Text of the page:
Many of the people who say Black Iris West and Black Mary Jane won’t change how they see the stories of the Flash and Spider-Man. But I have to really wonder if the color of a characters’ skin really does change people’s perception of the contents of a story.
I propose that question because when I look at what happened with CW’s Flash I clearly see how the story of Barry Allen clearly was changed because the race of Iris West’s character was changed. When Iris West became Black, it had a ripple effect on Barry Allen’s story and the story of one of his major supporting characters’ Wally West. Instead of us getting the story of ten-year-old Wally having an uncle he looked up to and admired, what we got was the story of a Black teenager from the streets who grew up in a single mother household hidden away from his father. The contents of what made Wally West’s character great got lost because of this need to focus on the color of his skin and a pitiful attempt to add diversity to the Flash lore.
Understanding how the color of a characters’ skin changes the story in a White Superhero world I also wonder if the color of a characters’ skin would change the perception of a character’s story in a Black fantasy one. Back in 2011, I published The Temptation of JohnHaynes. And the image I presented on the cover was E’steem seductively reaching for John Haynes’ bow tie. I have to wonder if people would see the exact same story told if E’steem were a White woman. Would they see that same story of Temptation and seduction I was trying to tell? Or would they only focus on race of the two characters like they did with Iris West and Mary Jane?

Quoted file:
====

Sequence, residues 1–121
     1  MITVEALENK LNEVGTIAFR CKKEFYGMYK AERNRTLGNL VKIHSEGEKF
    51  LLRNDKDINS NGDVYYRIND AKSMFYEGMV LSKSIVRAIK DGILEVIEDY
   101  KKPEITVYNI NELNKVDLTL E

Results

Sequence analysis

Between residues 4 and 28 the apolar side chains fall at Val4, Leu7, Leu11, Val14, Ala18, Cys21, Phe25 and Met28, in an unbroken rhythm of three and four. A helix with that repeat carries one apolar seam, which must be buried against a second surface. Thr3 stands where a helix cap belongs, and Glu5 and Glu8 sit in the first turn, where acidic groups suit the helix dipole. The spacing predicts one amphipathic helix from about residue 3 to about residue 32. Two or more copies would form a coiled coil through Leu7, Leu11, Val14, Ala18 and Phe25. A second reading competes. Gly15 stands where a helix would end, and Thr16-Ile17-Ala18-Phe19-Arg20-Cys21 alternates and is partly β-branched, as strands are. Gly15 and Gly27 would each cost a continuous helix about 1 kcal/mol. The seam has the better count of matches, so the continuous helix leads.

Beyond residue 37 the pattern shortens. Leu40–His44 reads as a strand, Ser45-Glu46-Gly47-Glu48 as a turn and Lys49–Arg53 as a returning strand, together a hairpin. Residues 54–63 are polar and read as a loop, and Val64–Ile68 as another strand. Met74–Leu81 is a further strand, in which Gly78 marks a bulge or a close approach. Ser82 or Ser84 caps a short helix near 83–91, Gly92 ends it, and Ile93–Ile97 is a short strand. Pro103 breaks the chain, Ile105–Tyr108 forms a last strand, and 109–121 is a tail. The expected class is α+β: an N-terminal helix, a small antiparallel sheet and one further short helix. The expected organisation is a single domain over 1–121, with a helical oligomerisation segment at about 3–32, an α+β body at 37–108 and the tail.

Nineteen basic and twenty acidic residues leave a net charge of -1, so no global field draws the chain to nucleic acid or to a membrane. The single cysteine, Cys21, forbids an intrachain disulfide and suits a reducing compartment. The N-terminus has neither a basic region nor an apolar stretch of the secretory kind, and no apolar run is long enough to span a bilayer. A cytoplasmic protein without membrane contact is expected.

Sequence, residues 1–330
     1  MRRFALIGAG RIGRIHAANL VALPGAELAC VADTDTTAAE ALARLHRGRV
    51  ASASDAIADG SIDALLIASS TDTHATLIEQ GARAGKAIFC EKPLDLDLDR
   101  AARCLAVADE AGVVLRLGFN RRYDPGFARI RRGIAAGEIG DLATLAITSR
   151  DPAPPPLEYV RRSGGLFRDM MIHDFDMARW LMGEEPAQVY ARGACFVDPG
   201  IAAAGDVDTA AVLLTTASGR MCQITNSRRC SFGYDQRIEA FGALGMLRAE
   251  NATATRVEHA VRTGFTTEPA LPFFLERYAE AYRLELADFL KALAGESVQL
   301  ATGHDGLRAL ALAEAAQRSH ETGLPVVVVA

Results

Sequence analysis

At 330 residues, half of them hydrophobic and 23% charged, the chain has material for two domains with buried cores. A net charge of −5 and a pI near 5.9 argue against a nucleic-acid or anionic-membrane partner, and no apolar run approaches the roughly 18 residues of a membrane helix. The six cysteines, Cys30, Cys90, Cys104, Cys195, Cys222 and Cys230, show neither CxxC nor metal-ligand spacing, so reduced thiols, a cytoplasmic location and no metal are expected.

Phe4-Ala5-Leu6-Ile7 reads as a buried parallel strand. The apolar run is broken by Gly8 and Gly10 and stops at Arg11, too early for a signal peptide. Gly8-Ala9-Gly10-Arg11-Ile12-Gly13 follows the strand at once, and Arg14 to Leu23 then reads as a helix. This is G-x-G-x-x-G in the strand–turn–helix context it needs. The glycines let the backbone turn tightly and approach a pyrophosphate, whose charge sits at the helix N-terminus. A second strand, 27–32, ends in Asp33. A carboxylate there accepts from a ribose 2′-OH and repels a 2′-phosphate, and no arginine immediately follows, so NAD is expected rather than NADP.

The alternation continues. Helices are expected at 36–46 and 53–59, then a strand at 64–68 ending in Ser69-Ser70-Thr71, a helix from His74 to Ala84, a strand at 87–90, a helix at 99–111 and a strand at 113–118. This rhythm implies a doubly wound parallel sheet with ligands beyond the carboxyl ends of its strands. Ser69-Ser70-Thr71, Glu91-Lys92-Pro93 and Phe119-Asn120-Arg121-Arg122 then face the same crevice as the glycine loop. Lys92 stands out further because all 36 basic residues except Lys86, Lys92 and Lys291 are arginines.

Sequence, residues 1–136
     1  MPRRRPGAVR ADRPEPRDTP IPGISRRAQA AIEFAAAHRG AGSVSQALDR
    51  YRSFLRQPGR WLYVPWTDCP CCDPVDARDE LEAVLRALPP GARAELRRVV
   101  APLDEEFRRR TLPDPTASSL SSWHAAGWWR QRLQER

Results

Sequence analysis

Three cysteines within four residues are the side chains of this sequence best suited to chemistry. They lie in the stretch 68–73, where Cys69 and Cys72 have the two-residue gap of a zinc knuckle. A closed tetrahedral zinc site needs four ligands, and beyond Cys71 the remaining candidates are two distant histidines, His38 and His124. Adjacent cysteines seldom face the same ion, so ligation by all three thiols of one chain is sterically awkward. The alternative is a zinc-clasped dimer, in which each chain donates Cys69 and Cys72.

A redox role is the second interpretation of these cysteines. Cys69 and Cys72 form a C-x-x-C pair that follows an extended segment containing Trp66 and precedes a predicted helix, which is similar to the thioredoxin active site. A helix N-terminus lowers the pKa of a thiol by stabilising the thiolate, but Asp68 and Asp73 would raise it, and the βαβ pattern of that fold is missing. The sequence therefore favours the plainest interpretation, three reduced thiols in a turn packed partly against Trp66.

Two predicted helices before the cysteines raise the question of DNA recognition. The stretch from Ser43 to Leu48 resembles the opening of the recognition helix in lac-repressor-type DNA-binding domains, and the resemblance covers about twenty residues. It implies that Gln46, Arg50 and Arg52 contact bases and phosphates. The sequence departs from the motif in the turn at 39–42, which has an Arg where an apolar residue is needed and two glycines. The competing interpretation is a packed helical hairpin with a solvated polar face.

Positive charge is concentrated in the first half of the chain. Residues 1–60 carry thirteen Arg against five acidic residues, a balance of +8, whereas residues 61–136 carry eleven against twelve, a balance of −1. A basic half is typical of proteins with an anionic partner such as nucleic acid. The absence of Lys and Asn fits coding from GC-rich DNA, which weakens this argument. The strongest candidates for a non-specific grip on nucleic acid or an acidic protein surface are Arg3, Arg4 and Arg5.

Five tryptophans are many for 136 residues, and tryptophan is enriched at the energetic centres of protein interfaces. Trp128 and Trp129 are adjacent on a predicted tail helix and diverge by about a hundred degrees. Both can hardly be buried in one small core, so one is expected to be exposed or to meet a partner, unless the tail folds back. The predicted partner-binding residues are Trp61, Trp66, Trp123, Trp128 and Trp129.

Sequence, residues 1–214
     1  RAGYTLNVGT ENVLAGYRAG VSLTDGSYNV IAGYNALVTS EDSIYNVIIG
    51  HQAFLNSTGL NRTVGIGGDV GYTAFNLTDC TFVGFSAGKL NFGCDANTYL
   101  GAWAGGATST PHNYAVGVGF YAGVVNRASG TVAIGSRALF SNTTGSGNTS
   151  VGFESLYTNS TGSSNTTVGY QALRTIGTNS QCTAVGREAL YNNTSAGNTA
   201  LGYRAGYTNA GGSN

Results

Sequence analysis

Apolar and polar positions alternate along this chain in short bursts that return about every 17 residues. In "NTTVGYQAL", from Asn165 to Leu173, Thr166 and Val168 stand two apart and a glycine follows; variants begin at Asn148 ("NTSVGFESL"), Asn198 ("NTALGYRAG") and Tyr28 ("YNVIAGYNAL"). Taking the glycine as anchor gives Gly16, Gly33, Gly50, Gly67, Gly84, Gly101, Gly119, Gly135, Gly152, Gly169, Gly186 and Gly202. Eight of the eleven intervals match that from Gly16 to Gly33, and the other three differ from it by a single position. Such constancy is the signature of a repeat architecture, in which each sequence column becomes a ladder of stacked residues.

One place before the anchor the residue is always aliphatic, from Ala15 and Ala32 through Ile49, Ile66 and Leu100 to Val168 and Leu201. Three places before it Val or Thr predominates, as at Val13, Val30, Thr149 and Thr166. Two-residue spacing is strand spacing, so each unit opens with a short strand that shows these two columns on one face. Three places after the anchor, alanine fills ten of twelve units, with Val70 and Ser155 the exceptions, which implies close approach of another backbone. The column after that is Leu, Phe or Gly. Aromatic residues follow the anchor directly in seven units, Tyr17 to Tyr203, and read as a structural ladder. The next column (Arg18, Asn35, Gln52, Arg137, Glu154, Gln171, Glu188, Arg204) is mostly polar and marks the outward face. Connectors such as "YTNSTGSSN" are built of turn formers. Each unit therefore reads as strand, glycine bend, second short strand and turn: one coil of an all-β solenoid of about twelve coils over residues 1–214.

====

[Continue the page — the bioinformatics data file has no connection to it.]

Many who have read The Temptation of JohnHaynes know a White E’steem would completely changes the story from my original premise. Yes, the letter of the story about a demon rediscovering her humanity would be there, but the core message of the story would be gone. I doubt the scenes where E’steem is being exposed to modern Black culture like the Black Elite at the Ujamaa Conference or the racism she dealt with during her encounter shopping in Manhattan and her argument with John afterward would have the same emotional resonance with an audience when her ethnicity was changed from Black to White.
Instead of people seeing the relationship between John and E’steem and seeing the content of their characters, much of the audience would only be focusing on the color of their skin. And instead of people relating to E’steem as a person, they’d just see her as a “White Devil” trying to corrupt the soul of a “Righteous Black Man”. The entire story of a demon seeing a man showing her an example of Christ that reconnects her to her humanity on the two-way street between good and evil, would be changed into one about race overnight.